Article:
Winstrike are qualified for the last Minor of the season and are already in Kiev, Ukraine where they train for the StarLadder ImbaTV Season 2. They are the sole CIS team competing in the Minor and they will be fighting for one of two slots into the EPICENTER Major.
SL ImbaTV Minor represents the last chance for them to make a sprint through the end of Dota Pro Circuit Season and clinch a ticket for The International 2019. The Chinese outlet MAX+ caught with Winstike’s latest addition, Ilya “Lil” Ilyuk and had a long talk about his past adventures, but also about Winstrike and the goals moving forward. Courtesy of Yuhui Zhu, we are able to share the English translation of the interview. The Chinese version can be found here while the Russian version can be read on Winstrike’s official website, here.
Hello Lil, thanks for taking our interview. Firstly, congrats on qualifying for the last Minor of this season
After leaving Navi, you’ve been constantly forming stacks and looking for teams. Did that experience teach you anything or help you grow?
I think that experience was totally useless, I could have done better without that. It consumed me a lot of time and it was a backset for my professional career. The only thing it teaches me is that for esports, contract and organization mean everything. Forming a random stack or playing competitively without joining an organization is not an option.
You were looking for teams on Twitter, how did you join Winstrike?
I reached out to Jaroslav Komkov, the CEO of Winstrike, and he introduced me to Masha, the team manager. Then I just waited for the try-out.
How do you feel about joining Winstrike? How’s the team chemistry? Are you close with your teammates? Considering they are all CIS veterans like you.
I’m happy to join Winstrike, it’s too early to talk about team chemistry. But for now I can say I feel comfortable playing with them and they seem really reliable. By the way, I had trouble getting these feelings in the past 6 months.
Let’s talk about the past, you once tweeted that you ”used to be a d**k but it’s in the past”. So what’s your take on what happened before? Have you got over the departure from VP and Na’Vi?
People don’t understand my past behaviors and because of what happened before, they now hold prejudice against me and the words I say. No matter how long has it been and what I do now, the community sees me as a selfish and toxic player. As for VP and Na’Vi, I can’t say I’ve cleared up my mood and figured out what happened. But I can guarantee that I’ve never failed anyone. I don’t want to live in the aftermath of what happened.
Last November you tweeted to apologize to your former teammates in VP, why did you apologize and were you reconciled afterwards?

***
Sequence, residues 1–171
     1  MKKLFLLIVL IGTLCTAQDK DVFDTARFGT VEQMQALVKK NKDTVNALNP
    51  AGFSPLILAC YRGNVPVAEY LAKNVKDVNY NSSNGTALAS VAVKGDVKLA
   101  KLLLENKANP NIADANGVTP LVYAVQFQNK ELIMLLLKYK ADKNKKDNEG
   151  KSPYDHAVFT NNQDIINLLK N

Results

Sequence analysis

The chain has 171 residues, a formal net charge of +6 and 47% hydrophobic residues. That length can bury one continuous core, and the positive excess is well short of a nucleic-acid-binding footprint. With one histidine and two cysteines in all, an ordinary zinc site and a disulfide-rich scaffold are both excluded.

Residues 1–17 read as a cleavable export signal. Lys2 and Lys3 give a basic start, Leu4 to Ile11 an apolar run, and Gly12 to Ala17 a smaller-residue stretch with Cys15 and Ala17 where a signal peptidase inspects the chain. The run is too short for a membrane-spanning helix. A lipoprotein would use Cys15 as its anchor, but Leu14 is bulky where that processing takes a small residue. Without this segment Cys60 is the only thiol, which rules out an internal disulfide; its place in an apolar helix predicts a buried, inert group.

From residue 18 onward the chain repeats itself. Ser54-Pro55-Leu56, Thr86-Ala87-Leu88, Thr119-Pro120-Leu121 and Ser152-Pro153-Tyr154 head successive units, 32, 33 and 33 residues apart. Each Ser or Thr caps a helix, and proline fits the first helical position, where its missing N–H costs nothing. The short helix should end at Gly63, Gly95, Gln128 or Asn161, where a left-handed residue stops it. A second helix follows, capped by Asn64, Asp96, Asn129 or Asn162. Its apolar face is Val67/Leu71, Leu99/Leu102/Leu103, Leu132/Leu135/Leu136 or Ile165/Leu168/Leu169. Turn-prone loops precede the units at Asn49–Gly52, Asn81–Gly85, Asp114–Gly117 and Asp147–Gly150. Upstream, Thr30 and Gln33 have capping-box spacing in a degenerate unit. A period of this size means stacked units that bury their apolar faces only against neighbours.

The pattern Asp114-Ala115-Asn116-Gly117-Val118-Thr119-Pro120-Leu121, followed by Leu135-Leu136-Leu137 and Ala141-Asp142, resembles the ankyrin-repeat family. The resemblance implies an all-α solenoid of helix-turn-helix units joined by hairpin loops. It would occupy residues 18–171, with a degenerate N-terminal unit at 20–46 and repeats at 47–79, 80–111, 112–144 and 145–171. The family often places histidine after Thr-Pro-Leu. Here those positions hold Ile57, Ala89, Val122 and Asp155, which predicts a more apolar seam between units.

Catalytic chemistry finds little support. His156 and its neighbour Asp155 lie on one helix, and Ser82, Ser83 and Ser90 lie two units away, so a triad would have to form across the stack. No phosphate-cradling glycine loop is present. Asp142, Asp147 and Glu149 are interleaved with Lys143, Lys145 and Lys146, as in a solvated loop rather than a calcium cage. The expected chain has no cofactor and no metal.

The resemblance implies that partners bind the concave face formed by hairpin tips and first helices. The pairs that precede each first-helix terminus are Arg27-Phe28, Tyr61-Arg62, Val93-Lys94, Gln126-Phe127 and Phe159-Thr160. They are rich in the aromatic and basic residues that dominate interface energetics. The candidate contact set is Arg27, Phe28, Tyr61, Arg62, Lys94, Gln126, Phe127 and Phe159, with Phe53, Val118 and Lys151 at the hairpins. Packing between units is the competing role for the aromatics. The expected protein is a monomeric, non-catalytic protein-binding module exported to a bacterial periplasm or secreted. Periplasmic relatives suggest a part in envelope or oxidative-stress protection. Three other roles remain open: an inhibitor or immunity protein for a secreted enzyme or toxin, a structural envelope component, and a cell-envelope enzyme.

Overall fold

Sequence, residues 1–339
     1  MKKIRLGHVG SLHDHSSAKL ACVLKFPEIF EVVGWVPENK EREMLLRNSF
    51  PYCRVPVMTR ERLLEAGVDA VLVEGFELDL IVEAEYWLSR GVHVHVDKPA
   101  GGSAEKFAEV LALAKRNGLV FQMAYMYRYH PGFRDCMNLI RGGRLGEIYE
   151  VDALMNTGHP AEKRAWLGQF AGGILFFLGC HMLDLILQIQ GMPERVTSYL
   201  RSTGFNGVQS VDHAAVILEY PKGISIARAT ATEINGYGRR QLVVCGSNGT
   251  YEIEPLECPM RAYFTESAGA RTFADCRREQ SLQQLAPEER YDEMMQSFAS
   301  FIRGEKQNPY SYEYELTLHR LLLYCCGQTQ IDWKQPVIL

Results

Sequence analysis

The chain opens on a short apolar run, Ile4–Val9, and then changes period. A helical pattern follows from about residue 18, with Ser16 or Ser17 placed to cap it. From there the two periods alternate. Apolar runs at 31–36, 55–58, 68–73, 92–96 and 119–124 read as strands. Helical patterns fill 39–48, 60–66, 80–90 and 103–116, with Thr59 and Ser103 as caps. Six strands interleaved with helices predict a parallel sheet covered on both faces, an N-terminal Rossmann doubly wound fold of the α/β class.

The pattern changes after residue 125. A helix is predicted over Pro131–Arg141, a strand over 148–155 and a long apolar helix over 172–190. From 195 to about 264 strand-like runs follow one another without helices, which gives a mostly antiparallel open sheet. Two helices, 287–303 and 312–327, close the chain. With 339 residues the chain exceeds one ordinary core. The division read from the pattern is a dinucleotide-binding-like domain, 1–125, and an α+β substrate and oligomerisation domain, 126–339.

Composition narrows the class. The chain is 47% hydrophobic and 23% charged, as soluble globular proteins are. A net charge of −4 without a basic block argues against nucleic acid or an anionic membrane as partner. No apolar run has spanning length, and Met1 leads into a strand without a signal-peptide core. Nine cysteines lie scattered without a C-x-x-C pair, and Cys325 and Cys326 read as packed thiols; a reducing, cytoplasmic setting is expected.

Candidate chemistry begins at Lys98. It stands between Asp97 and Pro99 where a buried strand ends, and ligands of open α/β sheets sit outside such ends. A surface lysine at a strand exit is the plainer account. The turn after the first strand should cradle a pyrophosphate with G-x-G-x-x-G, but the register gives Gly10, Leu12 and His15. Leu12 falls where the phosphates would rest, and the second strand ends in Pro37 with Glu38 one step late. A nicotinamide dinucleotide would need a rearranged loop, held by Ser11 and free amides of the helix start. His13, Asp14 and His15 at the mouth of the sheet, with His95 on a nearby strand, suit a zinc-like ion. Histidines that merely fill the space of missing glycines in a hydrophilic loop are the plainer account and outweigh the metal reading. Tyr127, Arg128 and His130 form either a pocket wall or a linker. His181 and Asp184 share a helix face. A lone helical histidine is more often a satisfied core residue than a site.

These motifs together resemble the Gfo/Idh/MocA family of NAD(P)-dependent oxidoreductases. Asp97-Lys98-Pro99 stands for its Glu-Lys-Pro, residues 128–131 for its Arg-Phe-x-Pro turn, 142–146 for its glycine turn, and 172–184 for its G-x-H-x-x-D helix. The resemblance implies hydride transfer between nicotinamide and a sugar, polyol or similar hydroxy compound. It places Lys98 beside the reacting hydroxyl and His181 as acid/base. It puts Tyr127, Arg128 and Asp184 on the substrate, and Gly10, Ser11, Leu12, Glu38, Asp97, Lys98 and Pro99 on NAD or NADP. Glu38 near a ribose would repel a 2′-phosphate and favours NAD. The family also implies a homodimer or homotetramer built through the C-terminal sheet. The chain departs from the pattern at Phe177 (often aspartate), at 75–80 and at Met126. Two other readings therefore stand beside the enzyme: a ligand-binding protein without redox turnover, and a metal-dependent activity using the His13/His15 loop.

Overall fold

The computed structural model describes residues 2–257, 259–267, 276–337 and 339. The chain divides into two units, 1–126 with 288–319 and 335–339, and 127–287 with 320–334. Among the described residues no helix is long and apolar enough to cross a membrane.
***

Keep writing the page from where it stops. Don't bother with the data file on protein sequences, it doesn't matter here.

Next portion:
There was a time where I got everyone DM me, demanding me to apologize to VP and the community. I can’t say I don’t feel guilty at all for what happened. I didn’t ruin anyone’s life the way my life was ruined, but I can’t deny that sometimes it was indeed my mistake, plus an apology wouldn’t hurt, so I apologized. After that I haven’t met anyone from VP, therefore I haven’t got any chance to talk about that.
Dota 2 audience seems to care more about results. Like if you fall into an argument with another player, and then if he achieves better results, people go back and question your words and behaviors. Do you feel the same? How do you deal with those negative comments?
Dota 2 is a team game, your team winning doesn’t necessary mean you are the better player. You can be replaced by other players of your role, unless you are Miracle-. I’ve been trying to avoid reading negative comments on the internet, but actually I only care about a few people’s opinion anyway.
You are pretty active on social media, is that purely for fun or are there other purposes behind it?
It’s not like this, I’ve been active on social media after leaving Na’Vi. For now, I care more about the game itself. I do put stuff on Twitter or Instagram from time to time just for the fans who still follow me, but it also depends on my mood. If you don’t have good results, no one would care about what you put on social media, and it’d be also meaningless to spend time on it.
Let’s talk about the present, it’s been a long time since you played on a Valve event. How does it feel to qualify for the Minor and what’s Winstrike’s goal for the tournament?
Obviously our goal is to finish top 2 at the Minor and continue to deliver at the Major to earn ourselves a TI invite. After the release of new patch, I think we can do it. All teams are now back to the same start line.
After the last pair of Major/Minor, it will be the time for TI qualifiers. Are you confident to make it to TI? What other CIS teams do you consider as contenders?
For now, it’s hard to evaluate the current state of the team as well as my confidence level. Many teams are on vacation and we won’t be playing with them until TI qualifiers. If Gambit don’t do well at EPICENTER and need to play the qualifiers, they would be our toughest opponents. Other teams are less threatening.
Speaking of the CIS region, what do you think is the biggest characteristic of this region?
In CIS there are many talented and skilled players, but they don’t become pro players because of their age and their attitude. If you mean teams, then CIS is really competitive, but also unstable.
Thanks again for taking the interview. Best of luck at the Minor!